entrance door, hold a fuel-proof container under the
ends, and drain about a pint of fuel out of each line.
i. Fuel Drain Collector System C D . Each
engine is provided with a fuel drain collector system to
return fuel, dumped from the engine during clearing
and shutdown operations, back into its respective
nacelle tank. The system draws power from the 4
feeder bus and fuel transfer is completely automatic.
Fuel from the engine flow divider drains into a collector
tank mounted below the aft engine accessory section.
An internal float switch actuates an electric scavenger
pump, which delivers the fuel to the fuel purge line just
aft of the fuel purge shutoff valve. A check valve in the
line prevents the backflow of fuel during engine
purging. The circuit breaker for both pumps is located
in the fuel section of the overhead circuit breaker
panel, placarded SCAVENGER PUMP. A vent line,
plumbed from the top of the collector tank, is routed
through an inline flame arrester and then downward to
a drain manifold on the underside of the nacelle.
j. Fuel Purge System T . Each engine is
provided with a fuel purge system. The system is
designed to ensure that any residual fuel in the fuel
manifolds is consumed during engine shutdown.
During engine operation, compressor discharge air is
routed through a filter and check valve, pressurizing a
small air tank mounted on the engine truss mount.
During engine shutdown, the pressure differential
between the air tank and fuel manifolds causes air to
be discharged from the air tank through a check valve
and into manifolds out through the nozzles and into the
combustion chamber. The fuel forced into the
momentary rise in engine speed.
k. Fuel Vent System. Each fuel system is
vented through two ram vents located on the
underside of the wing adjacent to the nacelle. To
prevent icing of the vent system, one vent is recessed
into the wing and the backup vent protrudes out from
the wing and contains a heating element. The vent
line at the nacelle contains an inline flame arrester.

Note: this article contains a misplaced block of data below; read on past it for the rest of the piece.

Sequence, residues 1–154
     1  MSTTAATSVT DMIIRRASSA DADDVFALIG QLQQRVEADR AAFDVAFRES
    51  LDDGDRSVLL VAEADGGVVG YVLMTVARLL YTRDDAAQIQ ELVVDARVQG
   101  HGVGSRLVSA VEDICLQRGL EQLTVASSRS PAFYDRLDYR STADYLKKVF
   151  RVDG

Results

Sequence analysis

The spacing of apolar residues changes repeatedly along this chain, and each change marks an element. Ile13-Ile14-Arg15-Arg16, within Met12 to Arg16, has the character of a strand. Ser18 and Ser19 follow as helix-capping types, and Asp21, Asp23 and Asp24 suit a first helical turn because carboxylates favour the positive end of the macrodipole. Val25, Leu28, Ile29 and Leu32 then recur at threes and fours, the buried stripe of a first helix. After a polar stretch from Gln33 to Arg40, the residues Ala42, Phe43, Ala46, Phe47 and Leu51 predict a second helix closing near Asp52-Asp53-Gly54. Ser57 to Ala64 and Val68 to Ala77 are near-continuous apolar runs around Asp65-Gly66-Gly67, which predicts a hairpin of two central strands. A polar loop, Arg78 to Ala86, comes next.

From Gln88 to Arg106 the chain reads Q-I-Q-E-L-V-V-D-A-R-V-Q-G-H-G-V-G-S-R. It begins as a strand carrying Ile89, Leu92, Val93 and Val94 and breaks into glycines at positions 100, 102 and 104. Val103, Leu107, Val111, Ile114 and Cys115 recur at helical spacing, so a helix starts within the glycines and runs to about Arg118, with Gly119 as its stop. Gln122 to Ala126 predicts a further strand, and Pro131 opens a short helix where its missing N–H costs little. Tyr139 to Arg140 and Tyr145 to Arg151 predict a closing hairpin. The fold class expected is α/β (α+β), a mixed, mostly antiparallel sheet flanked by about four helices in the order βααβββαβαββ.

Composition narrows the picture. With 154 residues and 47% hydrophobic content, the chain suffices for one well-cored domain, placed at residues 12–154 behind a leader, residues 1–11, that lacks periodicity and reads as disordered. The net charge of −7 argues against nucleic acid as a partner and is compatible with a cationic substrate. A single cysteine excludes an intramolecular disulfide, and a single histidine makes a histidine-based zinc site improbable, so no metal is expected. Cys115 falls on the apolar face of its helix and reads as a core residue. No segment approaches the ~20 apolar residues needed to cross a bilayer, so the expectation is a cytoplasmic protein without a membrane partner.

l. Engine Oil-to-Fuel Heat Exchanger. An
engine oil-to-fuel heat exchanger, located on each
engine accessory case, operates continuously and
automatically to heat the fuel delivered to the engine
sufficiently to prevent the freezing of any water, which
the fuel might contain. The temperature of the
delivered fuel is thermostatically regulated to remain
between +21 °C and +32 °C.
2-42. FUEL SYSTEM MANAGEMENT.
a. Fuel Transfer System. Fuel in the auxiliary
tanks will be used first. During transfer of auxiliary
fuel, which is automatically controlled, the nacelle
tanks are maintained full. A swing check valve in the
gravity feed line from the outboard wing prevents
reverse fuel flow. Normal gravity transfer of the main
wing fuel into the nacelle tanks will begin when
auxiliary fuel is exhausted. The system will gravity
feed fuel only to its respective side, i.e. left or right.
Refer to Figure 2-20. Fuel will not gravitate through
the crossfeed system.
b. Operation with Failed Engine-Driven Boost
Pump or Standby Pump. Two pumps in each fuel
system provide inlet head pressure to the engine-
driven primary high-pressure fuel pump, and if
crossfeed is used, a third pump, the standby fuel pump
from the opposite system, will supply the required
pressure. Refer to Figure 2-21. Operation under this
condition will result in an unbalanced fuel load as fuel
from one system will be supplied to both engines while
all fuel from the system with the failed engine driven
and standby boost pumps will remain unused. A triple
failure, which is highly unlikely, would result in the
engine driven primary pump operating without inlet
head pressure. Should this situation occur, the
affected engine can continue to operate from its own
fuel supply on its engine-driven primary high-pressure